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“Socrates on Arius and the start of the Arian controversy”
from Historia Ecclesiastica, 1.5
Click here to read at earlychurchtexts.com in the original Greek (with dictionary lookup links). The English translation below is from the NPNF series.
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AFTER Peter, bishop of Alexandria, had suffered martyrdom under Diocletian,
Achillas was installed in the episcopal office, whom Alexander succeeded, during
the period of peace above referred to. He, in the fearless exercise of his
functions for the instruction and government of the Church, attempted one day in
the presence of the presbytery and the rest of his clergy, to explain, with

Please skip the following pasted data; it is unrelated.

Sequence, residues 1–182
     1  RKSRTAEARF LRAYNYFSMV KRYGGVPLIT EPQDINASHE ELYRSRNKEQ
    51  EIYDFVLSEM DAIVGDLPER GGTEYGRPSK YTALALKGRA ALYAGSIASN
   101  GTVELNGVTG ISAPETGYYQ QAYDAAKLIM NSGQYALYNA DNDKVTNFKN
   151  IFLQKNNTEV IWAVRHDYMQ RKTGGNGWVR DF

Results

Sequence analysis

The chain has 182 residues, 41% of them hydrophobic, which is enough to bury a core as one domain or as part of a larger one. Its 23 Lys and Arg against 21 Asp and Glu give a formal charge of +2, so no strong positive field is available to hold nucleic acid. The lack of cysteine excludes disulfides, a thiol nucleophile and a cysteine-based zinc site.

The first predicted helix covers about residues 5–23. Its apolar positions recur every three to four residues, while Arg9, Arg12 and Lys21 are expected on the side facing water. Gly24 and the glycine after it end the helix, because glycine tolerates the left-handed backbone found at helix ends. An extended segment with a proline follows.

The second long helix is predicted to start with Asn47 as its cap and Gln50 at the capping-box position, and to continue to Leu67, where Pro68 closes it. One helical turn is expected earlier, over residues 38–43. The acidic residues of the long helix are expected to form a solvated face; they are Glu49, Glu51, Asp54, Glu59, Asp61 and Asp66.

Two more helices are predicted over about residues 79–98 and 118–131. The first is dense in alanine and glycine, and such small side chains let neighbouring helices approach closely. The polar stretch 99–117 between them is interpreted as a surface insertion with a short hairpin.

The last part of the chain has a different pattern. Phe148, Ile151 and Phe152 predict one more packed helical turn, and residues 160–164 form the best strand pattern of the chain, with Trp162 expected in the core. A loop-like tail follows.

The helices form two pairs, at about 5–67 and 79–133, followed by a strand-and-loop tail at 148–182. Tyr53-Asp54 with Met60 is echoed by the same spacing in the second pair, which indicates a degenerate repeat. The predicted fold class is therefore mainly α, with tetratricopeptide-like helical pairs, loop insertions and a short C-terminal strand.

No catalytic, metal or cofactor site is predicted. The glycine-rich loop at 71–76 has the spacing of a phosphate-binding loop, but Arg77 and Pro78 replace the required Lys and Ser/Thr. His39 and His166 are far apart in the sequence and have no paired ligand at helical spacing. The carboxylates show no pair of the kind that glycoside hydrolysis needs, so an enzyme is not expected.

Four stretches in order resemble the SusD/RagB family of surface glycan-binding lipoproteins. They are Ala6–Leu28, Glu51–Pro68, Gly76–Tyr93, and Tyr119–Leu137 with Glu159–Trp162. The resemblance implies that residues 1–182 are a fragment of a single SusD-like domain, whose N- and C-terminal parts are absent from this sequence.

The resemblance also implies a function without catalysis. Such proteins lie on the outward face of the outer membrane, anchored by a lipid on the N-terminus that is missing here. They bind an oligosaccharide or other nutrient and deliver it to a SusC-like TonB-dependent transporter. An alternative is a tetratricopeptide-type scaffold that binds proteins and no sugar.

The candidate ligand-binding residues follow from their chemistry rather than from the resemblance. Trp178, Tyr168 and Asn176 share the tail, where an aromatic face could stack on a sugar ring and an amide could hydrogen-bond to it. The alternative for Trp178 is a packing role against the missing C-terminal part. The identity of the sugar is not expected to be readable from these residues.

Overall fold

perhaps too philosophical minuteness, that great theological mystery—the
UNITY of the Holy Trinity. A certain one of the presbyters under his
jurisdiction, whose name was Arius, possessed of no inconsiderable logical
acumen, imaging that the bishop was subtly teaching the same view of this
subject as Sabellius the Libyan, from love of controversy took the opposite
opinion to that of the Libyan, and as he thought vigorously responded to what
was said by the bishop. ‘If,’ said he, ‘the Father begat the Son, he that was
begotten had a beginning of existence: and from this it is evident, that there
was a time when the Son was not. It therefore necessarily follows, that he had
his substance from nothing.’
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original Greek text with English translation
Arius and Alexander
Socrates in Greek with English Translation
Migne Greek Text
Patrologiae Graecae Cursus Completus
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